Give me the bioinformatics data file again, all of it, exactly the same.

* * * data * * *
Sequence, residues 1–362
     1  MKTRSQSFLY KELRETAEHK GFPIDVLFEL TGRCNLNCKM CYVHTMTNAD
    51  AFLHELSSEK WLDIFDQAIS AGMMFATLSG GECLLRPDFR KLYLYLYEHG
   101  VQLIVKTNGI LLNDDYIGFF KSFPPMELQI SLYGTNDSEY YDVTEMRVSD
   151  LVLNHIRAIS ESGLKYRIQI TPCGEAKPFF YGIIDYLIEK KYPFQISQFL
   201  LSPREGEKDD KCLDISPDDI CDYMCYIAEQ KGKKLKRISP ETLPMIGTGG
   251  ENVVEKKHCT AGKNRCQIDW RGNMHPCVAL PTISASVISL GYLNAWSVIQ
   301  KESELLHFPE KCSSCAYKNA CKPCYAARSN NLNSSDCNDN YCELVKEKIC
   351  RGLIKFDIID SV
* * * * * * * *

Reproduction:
Sequence, residues 1–362
     1  MKTRSQSFLY KELRETAEHK GFPIDVLFEL TGRCNLNCKM CYVHTMTNAD
    51  AFLHELSSEK WLDIFDQAIS AGMMFATLSG GECLLRPDFR KLYLYLYEHG
   101  VQLIVKTNGI LLNDDYIGFF KSFPPMELQI SLYGTNDSEY YDVTEMRVSD
   151  LVLNHIRAIS ESGLKYRIQI TPCGEAKPFF YGIIDYLIEK KYPFQISQFL
   201  LSPREGEKDD KCLDISPDDI CDYMCYIAEQ KGKKLKRISP ETLPMIGTGG
   251  ENVVEKKHCT AGKNRCQIDW RGNMHPCVAL PTISASVISL GYLNAWSVIQ
   301  KESELLHFPE KCSSCAYKNA CKPCYAARSN NLNSSDCNDN YCELVKEKIC
   351  RGLIKFDIID SV